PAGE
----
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Browns owner on Kareem Hunt: 'He's got to do better'

The Browns took a risk when they signed disgraced running back Kareem Hunt last offseason, and it produced positive results in the eight games in which he was able to play in 2019.

The first year of the new decade didn't start off as well for Hunt, though, as he was cited for speeding and police confiscated "small amounts of marijuana" from Hunt's car in late January. A year of positive progress took a step back with the run-in with law enforcement, prompting new concerns about the running back's ability to stay out of trouble.

Browns owner Jimmy Haslam addressed Hunt's latest issue Wednesday.

"It's not good. Kareem knows he's got to do better," Haslam said. "Kevin and (new GM) Andrew (Berry) have talked to him about it and I'll just leave it at that. What he did is not acceptable. He's got to do better."

Browns coach Kevin Stefanski also spoke Wednesday and echoed Haslam's sentiments.

"I believe in second chances, sure, but I think we'll be very smart about the people we identify out there that we want to bring into this building," Stefanski said. "I think Andrew mentioned smart, tough, accountable. There are different case studies, obviously, but we'll be diligent keeping it to a group that we're proud that they're in this building, that they're representing the Cleveland Browns.

"I think certainly every situation is different. But certainly with any player we're going to have standards by how we behave when we're not in the building and when we are in this building. I think Kareem understands that and we're gonna move forward and we're gonna move forward with him understanding where I stand on all those matters."

Hunt is a restricted free agent this offseason, meaning it's highly likely he returns with the Browns in 2020, even with his off-field issue in January. He also isn't the only player whose status is drawing questions from those covering the Browns.

Odell Beckham Jr. finished his first season in Cleveland by failing to reach sky-high expectations, a result that was partially a product of Beckham playing through multiple injuries throughout the 2019 season. Folks around town are wondering nervously whether their time with Beckham as a Brown will only last one season.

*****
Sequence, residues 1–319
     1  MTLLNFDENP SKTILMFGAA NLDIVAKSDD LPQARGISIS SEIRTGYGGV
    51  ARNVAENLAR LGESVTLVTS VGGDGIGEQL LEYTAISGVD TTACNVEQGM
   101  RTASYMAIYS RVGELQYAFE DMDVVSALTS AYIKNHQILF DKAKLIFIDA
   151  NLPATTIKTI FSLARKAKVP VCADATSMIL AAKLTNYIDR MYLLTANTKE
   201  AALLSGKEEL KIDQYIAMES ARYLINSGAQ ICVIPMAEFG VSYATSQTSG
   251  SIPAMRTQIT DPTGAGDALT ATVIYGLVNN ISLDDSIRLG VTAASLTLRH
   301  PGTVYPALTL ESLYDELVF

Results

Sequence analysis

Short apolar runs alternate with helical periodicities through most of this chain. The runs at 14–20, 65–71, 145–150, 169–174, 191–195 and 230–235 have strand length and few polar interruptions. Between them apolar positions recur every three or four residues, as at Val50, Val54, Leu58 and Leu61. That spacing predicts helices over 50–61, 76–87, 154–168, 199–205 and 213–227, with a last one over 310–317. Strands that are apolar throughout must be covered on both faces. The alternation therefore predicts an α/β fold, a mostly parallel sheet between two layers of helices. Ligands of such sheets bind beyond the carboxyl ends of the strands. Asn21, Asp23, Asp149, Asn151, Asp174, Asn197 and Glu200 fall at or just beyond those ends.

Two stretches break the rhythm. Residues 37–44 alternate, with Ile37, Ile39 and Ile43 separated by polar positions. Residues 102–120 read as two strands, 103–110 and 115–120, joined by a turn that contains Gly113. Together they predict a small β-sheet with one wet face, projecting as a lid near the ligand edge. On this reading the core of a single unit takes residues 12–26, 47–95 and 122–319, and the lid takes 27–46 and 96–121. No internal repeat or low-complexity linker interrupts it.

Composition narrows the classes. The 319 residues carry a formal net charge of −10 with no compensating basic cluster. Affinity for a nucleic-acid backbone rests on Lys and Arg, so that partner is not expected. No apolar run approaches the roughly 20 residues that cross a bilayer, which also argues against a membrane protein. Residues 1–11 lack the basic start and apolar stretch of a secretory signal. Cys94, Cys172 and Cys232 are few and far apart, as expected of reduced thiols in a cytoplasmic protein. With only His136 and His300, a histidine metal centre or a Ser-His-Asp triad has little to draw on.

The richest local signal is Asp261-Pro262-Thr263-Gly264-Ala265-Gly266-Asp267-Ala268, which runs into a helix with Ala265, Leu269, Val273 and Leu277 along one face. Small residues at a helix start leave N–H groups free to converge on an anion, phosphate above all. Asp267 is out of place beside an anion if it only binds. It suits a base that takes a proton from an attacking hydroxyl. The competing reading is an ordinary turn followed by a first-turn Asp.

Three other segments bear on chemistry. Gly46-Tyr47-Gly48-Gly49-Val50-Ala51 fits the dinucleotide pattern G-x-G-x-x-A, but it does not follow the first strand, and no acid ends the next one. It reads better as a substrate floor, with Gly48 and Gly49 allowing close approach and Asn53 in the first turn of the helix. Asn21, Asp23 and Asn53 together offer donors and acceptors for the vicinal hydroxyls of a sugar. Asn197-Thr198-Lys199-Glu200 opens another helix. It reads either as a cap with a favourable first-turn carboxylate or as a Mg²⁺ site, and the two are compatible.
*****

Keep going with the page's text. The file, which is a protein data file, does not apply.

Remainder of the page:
That won't be the case, according to Stefanski, who sees no major issue with Beckham's behavior in his first campaign in Cleveland, despite his off-field transgressions in New Orleans surrounding LSU's College Football Playoff National Championship triumph.

"I certainly want Kareem and Odell on the team this year, yes," Stefanski said. "They're players I believe in and, again, two different situations. To lump them together, I would put them with all of our players; there's a standard we'll set and we're going to ask them to adhere to those standards."

Such standards have been set in recent weeks with the hiring of Stefanski and Browns GM Andrew Berry. The latter made a similar point of expectation Wednesday, reinforcing Cleveland's attempt to establish unity in all football operations.

"Everybody's going to have to fit into our culture in terms of being smart, tough and accountable and both those guys know that," Berry said.

With free agency still weeks away and Beckham under team control for the next four years, the Browns don't have to be in a rush to strike a new deal with Hunt. How his actions in January affect such proceedings remains to be seen, but we should expect him to again be wearing brown and orange in the fall.

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